The collapse of American Alliance football league

AAF folds within the first nine weeks of play, while people are still trying to find out why.

The American Alliance Football league, created to be the next big farm league in the United States, folded after just nine weeks of play, and analysts and outsiders are still wondering why.

The American Alliance Football League (AAF) was an NFL feeder league that was founded in 2018 by television producer Charlie Ebersol and former NFL Executive Bill Polian. The league was initially created to be a development league for NFL athletes that could use the extra training and development. It was intended to help these players get ready for their upcoming season. Tom Dundon the commissioner had announced that there would be eight teams entering play this season and once they had completed the ten week season, expansion of the AAF would be considered. The league was gaining popularity before the season had even started and while team names were being announced, player names and team rosters were too. With the popularity growth spurt, the AAF had even managed to attract two former NFL star quarterbacks: Christian Hackenberg and Johnny Manziel. During its first weekend in football action, the television ratings for the network CBS were averaging 3.25 million viewers.

Wages in the league were tight as each player could get a deal of 250,000 over three years with nothing more. Even still, it took just weeks for the league to start missing paychecks. Carolina Hurricanes owner Tom Dundon stepped in and become the league’s chairman with a $250 million investment. In week seven, the San Antonio Commanders attracted a crowd of 30,345, whereas teams in Salt Lake City and Phoenix struggled to engage more than 10,000 fans. The league was averaging 15,000 a game. TV ratings through the eight weeks were solid and the league was even posting better ratings than the MLS. Despite TV ratings holding high through week eight, stadiums were not nearly filled enough.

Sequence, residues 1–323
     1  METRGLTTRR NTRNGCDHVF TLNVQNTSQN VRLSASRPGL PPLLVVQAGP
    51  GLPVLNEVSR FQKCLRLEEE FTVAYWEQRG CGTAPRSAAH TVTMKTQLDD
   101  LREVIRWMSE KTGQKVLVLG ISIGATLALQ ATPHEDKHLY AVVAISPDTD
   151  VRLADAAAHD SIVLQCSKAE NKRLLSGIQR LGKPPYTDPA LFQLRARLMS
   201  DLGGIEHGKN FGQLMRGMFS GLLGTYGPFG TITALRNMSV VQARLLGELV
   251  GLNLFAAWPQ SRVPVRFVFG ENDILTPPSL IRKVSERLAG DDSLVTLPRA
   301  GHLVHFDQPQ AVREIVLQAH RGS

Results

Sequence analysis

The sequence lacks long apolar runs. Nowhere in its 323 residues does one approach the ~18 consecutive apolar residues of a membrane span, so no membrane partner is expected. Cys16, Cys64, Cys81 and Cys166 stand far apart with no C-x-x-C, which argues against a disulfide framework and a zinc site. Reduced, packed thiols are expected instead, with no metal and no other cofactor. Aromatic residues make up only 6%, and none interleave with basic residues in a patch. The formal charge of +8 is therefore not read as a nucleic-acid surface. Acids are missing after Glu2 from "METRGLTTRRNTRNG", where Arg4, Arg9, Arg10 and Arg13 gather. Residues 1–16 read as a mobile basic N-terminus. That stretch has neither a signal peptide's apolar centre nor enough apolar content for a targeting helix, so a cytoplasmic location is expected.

The league was losing money fast and in order to survive, it needed the NFL players association to sign off on letting players on NFL practice squads compete in the AAF. Tom Dundon had reportedly lost 70 million already from his initial investment and he was close to losing more if the league continued down this path. Dundon stated the league could be in danger of folding very soon if nothing was stabilized. However, the AAF and the NFL players association were not able to reach a deal before the proposed deadline and within hours, chairman Tom Dundon was forced to pull the plug.

The league suspended operations on April 2 and filed for bankruptcy two weeks later.

After the AAF had folded, it left a lot of people without jobs. Players, coaches, general managers but also people behind the scenes, were left in the dust of unemployment. Most players were ordered to find their own ways home while the league supplied no money to the players in this tough process.

The alliance was a close-knit league and the players considered each other brothers, when Brad Sternberg, a video operations and football employee announced to his squad that his wife was right into labor one night after the game, the whole team huddled around him at a bar and cheered as his baby was being delivered through Facetime, and once the baby was fully out, the squad all cheered around Sternberg and gave hugs and high fives.

Unfortunately, stories of that kind of solidarity are gone, as the AAF dream has faded.

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